Ray: a rock in the river

Raymond K. Duros: 1964 photo captured and developed on hand-rolled film by other big brother , James Duros, taken with an Argus C3, Harms Woods, Il.

This is my oldest brother, Ray. He’s in characteristic pose, balancing on an old tree limb, above a murky trickle of a creek in a Cook County forest preserve. Ray would scoop mud from the beds of waterways like this and keep it in a jar and watch with fascination what crawled and swam from the oozing mess.

Today would have been Ray’s 72 birthday. As it is, he lived to celebrate only 28 birthdays in his life. He died so long ago, my memories are simply sensory — an image, a smell, a feeling of gladness, happiness or comfort. I recall some key moments. Mostly I recall missing him and now as I look back on the spent years I see mostly how his living and his leaving changed me and changed everything in my family.

I see Ray in the basement, blowing up plastic models of WWII boats. He’d fashion flame and smoke out of cotton and stick it in the boat stacks and explode the boats with firecrackers in basins of water. And I see Ray bringing home crayfish to live in the basement sink. Ray deeply influenced my reading habits —   it was because of him that I read Sartre at the age of 11 and other existential writers way beyond my level of comprehension. He would write creatively and it is probably because of him that I too wanted to be a writer.

Ray was a typical young man of the 60s. One day I and my preteen girl friends hid in my room devouring his Playboys. Behind closed doors, we each held up a copy, pin up unfolded in front of us and wiggled behind the images of full formed women, talking seductively in our squeaky little girl voices.

I recall that when he entered the living room at my parents house he would have the keys out and they would make a jingling noise. He would wash the car with suds on Saturdays and wore a varsity letter sweater from Lane Tech High School (we still have it). Ray loved all creatures without discrimination. I was terrified of spiders, and when I was a preteen Ray captured one in his hands and came toward me, hands folded closed, saying “Don’t be afraid – look! He’s more afraid of you …” I shrieked and went into a panic. It didn’t work. I still don’t like the creepy guys much.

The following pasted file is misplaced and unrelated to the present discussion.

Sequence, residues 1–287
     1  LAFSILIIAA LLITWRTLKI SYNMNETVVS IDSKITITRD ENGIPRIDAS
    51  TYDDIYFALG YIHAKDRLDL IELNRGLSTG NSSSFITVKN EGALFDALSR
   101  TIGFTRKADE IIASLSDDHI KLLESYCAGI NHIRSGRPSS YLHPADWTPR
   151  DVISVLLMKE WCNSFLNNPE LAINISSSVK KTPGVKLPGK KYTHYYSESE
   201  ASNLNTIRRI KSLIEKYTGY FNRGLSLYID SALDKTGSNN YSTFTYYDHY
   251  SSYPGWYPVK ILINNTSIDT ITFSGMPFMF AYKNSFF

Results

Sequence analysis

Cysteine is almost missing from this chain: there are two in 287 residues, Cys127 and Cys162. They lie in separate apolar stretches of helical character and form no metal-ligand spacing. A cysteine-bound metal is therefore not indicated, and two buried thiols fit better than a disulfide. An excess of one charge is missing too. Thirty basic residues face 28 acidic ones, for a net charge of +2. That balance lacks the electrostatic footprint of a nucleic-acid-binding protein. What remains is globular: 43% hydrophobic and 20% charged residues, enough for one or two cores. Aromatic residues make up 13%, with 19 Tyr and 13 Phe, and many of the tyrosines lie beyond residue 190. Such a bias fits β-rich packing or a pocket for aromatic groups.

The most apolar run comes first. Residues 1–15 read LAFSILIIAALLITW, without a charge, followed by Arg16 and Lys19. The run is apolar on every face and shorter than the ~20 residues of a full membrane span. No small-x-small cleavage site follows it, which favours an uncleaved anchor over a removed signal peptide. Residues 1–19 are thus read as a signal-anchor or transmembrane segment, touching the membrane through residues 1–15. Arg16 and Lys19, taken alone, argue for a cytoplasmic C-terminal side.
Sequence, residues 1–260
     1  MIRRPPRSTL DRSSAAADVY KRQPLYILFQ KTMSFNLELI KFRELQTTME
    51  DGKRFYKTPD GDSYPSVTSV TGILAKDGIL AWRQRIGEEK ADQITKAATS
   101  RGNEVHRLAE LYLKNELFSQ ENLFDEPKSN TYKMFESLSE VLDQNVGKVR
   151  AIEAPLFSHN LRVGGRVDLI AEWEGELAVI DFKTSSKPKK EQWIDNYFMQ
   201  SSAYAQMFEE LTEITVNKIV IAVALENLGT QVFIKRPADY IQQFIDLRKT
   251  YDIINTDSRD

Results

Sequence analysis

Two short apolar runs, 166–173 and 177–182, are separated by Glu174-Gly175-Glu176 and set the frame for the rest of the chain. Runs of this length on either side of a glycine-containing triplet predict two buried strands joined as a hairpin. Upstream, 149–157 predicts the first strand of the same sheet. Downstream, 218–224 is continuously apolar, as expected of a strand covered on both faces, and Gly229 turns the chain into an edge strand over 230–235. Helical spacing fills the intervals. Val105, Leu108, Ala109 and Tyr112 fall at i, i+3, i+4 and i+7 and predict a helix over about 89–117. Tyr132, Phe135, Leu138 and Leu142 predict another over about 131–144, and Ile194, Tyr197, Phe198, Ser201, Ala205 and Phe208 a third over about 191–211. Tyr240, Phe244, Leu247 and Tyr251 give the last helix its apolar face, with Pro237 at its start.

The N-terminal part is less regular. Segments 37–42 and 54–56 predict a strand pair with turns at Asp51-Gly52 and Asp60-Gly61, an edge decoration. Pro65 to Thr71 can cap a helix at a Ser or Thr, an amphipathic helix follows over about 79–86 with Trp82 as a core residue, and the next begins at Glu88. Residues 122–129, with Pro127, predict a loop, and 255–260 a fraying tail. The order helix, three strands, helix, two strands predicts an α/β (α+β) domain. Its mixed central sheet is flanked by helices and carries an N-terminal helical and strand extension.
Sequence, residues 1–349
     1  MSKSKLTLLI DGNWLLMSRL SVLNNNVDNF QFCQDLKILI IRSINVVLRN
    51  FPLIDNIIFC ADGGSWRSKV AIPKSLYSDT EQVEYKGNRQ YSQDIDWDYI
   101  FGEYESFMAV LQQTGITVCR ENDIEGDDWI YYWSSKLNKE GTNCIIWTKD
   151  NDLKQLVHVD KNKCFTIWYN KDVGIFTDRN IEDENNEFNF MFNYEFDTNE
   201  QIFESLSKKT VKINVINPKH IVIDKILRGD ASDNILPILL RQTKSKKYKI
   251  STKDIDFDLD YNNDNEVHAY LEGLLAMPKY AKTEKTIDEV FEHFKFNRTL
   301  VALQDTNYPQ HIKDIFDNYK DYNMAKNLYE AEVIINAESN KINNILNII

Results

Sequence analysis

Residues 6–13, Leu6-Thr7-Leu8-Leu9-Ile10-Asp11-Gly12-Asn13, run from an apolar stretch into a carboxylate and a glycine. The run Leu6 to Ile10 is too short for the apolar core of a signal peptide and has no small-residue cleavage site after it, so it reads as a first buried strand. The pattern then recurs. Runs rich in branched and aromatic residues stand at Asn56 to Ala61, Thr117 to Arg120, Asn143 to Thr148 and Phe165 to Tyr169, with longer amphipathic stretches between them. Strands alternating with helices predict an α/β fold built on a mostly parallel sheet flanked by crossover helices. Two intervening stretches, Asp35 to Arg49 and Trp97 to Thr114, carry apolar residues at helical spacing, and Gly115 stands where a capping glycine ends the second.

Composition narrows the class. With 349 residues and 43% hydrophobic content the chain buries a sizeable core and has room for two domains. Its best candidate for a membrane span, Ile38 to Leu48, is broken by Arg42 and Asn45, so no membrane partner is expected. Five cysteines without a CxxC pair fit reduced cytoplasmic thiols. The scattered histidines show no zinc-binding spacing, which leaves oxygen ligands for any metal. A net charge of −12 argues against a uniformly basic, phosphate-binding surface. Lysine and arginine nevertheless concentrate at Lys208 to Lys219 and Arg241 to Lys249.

There’s so much to say about Ray and the goodness of him and the sadness we all still feel that he left us so early. In many ways, as my parent’s first born, he was the promise of the family. Seven years older than I, he was the grown up I could talk to.

When I was ready to join the flower power movement at the age of 18 — it was Ray who tried to talk me out if it. I didn’t listen and I went to California with friends. The $100 bill in my shoe lasted only so long and I came home defeated about three months later. That dream was mostly over.

Ray was living on his own then, with a degree in marine biology from the University of Miami. He was married and worked at the same engineering firm as my dad.

I was still adrift in some ways, hungry to feed an adventurer’s heart, traveling out West and back repeatedly. Just three years after my first trip, I was camping at Yellow Pines, a backpacker’s camp in Yosemite Valley. For three days, sadness overwhelmed me during the two mile hike back and forth between the camp and Curry Village. I had called home every day but nobody picked up. Finally on a Thursday night, my baby sister answered. She told me Ray had died. I don’t recall what she said or her voice. I just remember the phone dangling from its cord where I had dropped it. I wailed under the moon, crying to the silver granite cliffs, then hitchhiked a ride to the Fresno Airport and took a plane home at midnight so I could attend Ray’s funeral the next day in Chicago on a steamy Friday, Aug. 13.

Those events changed my life so profoundly. I still struggle to see the path of events and the trail they left.

He left us in a mysterious way, and I recently learned something that holds the key to his leaving. It holds understanding and relief and could eclipse the tragedy with something resembling pride. But I need to understand it better before I share it.

Today on his birthday, I remember Ray and I remember the beauty of him and what he brought to all of us. I see the seeds of his short good life in the best days of my own.

His life was a rock in the river of my life and the lives of others who loved him. His presence changed the flow of events unpredictably and permanently.

Today on his birthday, I look behind and I look forward. I can see Ray balancing on this log with joy, in that moment, forever.